Friday, January 30, 2015

Europe’s Greek Test

by Paul Krugman

New York Times

January 30, 2015

In the five years (!) that have passed since the euro crisis began, clear thinking has been in notably short supply. But that fuzziness must now end. Recent events in Greece pose a fundamental challenge for Europe: Can it get past the myths and the moralizing, and deal with reality in a way that respects the Continent’s core values? If not, the whole European project — the attempt to build peace and democracy through shared prosperity — will suffer a terrible, perhaps mortal blow.

First, about those myths: Many people seem to believe that the loans Athens has received since the crisis broke have been subsidizing Greek spending.

The truth, however, is that the great bulk of the money lent to Greece has been used simply to pay interest and principal on debt. In fact, for the past two years, more than all of the money going to Greece has been recycled in this way: the Greek government is taking in more revenue than it spends on things other than interest, and handing the extra funds over to its creditors.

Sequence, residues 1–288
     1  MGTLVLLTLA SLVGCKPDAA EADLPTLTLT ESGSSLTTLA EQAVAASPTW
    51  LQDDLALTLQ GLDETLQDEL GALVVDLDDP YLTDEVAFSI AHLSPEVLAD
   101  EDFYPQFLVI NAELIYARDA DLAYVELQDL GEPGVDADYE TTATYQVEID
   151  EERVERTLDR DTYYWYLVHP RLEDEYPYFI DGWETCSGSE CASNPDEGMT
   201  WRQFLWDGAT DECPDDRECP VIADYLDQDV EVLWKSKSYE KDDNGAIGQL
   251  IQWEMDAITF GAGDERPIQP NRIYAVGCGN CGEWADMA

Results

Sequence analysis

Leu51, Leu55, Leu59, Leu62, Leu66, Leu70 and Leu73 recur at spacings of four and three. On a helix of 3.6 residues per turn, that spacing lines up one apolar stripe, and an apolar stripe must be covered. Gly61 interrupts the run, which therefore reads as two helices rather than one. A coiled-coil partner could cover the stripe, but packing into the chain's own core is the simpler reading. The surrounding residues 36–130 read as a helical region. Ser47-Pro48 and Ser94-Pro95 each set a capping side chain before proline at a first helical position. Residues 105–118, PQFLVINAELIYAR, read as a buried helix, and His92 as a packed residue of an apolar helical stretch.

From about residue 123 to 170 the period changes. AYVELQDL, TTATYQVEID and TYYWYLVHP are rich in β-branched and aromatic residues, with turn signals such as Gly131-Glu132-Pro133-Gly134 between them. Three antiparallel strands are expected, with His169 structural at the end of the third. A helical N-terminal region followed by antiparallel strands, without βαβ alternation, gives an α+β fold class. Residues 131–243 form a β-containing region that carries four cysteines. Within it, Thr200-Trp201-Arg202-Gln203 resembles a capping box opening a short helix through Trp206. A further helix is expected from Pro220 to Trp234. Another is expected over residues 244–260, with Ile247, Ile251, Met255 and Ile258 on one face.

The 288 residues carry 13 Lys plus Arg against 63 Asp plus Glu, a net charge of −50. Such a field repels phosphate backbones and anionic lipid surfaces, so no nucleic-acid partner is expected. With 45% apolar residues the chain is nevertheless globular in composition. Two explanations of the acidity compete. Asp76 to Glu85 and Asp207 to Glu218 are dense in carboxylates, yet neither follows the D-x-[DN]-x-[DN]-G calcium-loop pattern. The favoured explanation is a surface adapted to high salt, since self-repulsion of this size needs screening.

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Thursday, January 29, 2015

Athens Rekindles Its Russian Romance

by Takis Michas

Wall Street Journal

January 29, 2015

Anyone who hoped that Greece’s new government would focus immediately on the near-bankrupt country’s economy and stop antagonizing its European Union partners has been terribly mistaken. In one of its first acts in government, the radical left-wing Syriza party broke ranks on foreign policy and protested the EU’s condemnation of recent Russian-backed military offensives in Ukraine and the call for further sanctions on Russia.

The government of Prime Minister Alexis Tsipras complained that it hadn’t been consulted. According to a government statement, the EU announcement violated “proper procedure” by not first securing Greece’s agreement. Officials in Brussels disputed this, but it doesn’t matter. Syriza would have opposed any steps toward a harder line on Russia anyway.